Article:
'We're not a hotspot': mayor

Thumbs up: Fairfield mayor Frank Carbone with the nurses and staff at the COVID-19 testing clinic at Fairfield Showground on Thursday. Picture: Facebook
Thumbs up: Fairfield mayor Frank Carbone with the nurses and staff at the COVID-19 testing clinic at Fairfield Showground on Thursday. Picture: Facebook

Fairfield mayor Frank Carbone has hit out at the "double standards" when it comes to classifying COVID-19 hotspots.

In July, Queensland declared Fairfield a COVID-19 hotspot as a result of the rising Thai Rock restaurant cluster in Wetherill Park.

That cluster has now gone,Thai Rock has reopened and yet Fairfield is still considered a "hotspot".

"While case numbers are developing on the eastern and northern suburbs of the Sydney CBD and other areas, I haven't seen the media classify these areas as no go zones or call them a hotspot like they did for Fairfield," the mayor posted on Facebook.

"However despite our city not having any new cases or clusters for quite a while now, it seems we are still considered a hotspot.

"If any one tells you that we are a hotspot, tell them to look at the facts and that we have had less cases than Queensland since the premier declared us a hotspot and no more cases that other areas not considered a hotspot.

"I think all of NSW has done a great job, but yet the media as labelled us and ran away and some people's ignorance persists...it just seems to me that there could be some double standard when it comes to reporting."

Mr Carbone said the city hasn't had any new cases in any area for more that seven days and in most areas for more than 14 days, which indicates "no clusters and obvious transmission."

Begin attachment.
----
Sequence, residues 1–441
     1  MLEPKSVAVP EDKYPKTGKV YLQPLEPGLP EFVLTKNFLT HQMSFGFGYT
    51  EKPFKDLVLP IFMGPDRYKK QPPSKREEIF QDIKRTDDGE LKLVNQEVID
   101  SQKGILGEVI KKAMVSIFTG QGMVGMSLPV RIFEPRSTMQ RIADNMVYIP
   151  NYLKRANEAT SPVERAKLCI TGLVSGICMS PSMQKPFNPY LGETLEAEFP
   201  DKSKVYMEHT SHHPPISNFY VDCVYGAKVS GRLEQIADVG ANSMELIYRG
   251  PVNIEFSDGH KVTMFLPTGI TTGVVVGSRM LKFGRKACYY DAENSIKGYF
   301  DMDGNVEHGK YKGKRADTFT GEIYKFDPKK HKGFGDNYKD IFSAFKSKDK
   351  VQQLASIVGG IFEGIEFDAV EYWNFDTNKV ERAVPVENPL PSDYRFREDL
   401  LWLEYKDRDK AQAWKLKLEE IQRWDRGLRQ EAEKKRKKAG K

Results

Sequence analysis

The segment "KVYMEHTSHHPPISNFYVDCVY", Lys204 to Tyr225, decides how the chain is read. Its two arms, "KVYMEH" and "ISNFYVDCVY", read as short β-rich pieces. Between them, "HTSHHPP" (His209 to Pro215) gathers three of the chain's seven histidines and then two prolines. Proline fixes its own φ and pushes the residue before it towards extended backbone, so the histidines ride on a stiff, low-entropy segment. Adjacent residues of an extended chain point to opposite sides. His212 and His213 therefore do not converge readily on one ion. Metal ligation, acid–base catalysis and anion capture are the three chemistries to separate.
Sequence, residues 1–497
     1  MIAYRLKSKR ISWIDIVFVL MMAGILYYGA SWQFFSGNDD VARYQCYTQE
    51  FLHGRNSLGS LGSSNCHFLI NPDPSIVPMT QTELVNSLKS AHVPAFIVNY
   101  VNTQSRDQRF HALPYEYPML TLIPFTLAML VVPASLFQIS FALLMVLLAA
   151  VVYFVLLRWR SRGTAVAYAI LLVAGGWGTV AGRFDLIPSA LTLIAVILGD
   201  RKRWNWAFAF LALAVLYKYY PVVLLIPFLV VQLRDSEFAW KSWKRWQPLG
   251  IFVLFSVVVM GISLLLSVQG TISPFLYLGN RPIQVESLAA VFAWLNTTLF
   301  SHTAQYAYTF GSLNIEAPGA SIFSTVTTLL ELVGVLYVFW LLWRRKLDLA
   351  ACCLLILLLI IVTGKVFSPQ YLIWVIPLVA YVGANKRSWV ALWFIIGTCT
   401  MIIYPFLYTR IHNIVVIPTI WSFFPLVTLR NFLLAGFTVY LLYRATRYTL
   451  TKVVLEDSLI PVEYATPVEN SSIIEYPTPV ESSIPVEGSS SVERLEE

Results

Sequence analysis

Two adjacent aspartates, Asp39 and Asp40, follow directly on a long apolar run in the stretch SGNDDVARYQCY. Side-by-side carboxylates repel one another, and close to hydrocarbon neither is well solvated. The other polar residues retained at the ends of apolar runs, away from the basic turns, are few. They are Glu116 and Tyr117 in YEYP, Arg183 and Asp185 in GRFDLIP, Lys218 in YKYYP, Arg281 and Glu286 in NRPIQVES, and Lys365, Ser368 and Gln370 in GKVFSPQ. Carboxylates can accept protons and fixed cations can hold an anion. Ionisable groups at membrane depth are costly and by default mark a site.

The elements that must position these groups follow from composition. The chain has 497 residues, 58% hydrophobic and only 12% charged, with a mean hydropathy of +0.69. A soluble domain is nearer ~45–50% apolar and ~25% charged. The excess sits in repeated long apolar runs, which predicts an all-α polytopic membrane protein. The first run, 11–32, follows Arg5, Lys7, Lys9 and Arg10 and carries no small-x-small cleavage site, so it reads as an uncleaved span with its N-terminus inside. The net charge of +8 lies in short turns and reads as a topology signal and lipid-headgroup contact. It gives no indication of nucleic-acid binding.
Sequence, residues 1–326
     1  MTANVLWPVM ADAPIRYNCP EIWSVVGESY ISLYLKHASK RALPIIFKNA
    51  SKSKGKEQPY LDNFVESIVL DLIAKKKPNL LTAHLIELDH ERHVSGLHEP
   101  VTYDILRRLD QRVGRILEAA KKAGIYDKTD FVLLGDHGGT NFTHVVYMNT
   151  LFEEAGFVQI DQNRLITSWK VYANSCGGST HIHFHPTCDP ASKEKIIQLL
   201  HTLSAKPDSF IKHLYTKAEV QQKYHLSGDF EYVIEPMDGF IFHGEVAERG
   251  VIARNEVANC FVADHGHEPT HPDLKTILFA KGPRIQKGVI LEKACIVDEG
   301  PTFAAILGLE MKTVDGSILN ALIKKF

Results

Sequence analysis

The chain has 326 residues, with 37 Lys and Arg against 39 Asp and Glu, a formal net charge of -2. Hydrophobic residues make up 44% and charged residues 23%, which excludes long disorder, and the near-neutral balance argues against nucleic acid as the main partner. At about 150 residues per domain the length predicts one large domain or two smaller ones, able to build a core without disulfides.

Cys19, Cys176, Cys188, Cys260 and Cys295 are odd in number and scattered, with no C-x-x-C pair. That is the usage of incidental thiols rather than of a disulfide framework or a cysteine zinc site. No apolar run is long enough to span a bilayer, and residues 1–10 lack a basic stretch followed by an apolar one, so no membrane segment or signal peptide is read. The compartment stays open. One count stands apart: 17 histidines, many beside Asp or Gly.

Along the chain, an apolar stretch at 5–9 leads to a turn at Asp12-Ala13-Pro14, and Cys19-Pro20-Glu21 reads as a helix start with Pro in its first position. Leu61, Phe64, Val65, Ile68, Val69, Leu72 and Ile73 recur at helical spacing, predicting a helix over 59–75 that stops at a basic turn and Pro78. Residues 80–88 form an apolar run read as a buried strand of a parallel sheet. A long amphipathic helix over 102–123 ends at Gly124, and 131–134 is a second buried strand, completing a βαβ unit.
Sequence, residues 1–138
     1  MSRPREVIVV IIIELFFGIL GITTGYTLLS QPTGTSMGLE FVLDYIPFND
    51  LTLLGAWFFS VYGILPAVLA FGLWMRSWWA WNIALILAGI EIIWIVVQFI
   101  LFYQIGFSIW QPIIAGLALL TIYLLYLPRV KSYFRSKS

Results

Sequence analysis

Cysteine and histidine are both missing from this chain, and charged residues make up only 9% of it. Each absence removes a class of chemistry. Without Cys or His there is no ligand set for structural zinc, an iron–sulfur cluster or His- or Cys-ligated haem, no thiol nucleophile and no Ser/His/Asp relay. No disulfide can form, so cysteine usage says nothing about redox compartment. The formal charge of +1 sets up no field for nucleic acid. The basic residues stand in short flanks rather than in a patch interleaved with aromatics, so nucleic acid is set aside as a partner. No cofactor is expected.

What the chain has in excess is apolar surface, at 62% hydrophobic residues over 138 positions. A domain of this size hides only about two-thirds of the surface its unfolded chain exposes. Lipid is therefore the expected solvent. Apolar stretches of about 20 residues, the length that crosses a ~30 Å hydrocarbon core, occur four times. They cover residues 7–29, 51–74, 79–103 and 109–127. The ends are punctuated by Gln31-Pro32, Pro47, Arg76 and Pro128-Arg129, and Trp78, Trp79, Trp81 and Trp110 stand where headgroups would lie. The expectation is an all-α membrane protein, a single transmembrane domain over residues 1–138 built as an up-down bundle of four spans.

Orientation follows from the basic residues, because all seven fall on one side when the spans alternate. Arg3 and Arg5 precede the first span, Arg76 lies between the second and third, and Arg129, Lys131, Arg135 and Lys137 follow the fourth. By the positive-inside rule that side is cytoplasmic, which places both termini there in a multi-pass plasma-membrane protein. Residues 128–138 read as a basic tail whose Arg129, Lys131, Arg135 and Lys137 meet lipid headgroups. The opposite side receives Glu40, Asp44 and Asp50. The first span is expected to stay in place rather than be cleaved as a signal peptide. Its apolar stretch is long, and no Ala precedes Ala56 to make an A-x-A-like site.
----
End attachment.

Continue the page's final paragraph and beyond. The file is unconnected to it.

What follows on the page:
"That's not to say cases cannot come up on the futures and we need to continue doing the right thing by social distancing and getting tested if symptoms persist across all areas," he said.

Mr Carbone visited the Fairfield Showground COVID-19 testing clinic on Thursday to thank the dedicated nurses and staff at the front line.

"Rain, hail or shine they have been there for our community over the past two months," he said.

"We are not over it yet, but as we look back at one of the most difficult time our community has faced, while others shed away from our city, they stayed on and worked with us and turned up every day, with more than 20,000 tests done.

"Even if you have very mild symptoms like a scratchy throat, cough, runny nose or slight fever, be sure to get tested.

"We can all do our part in helping to stop the spread by keeping our distance, wearing a mask where we cannot physically distance and practise good hand hygiene."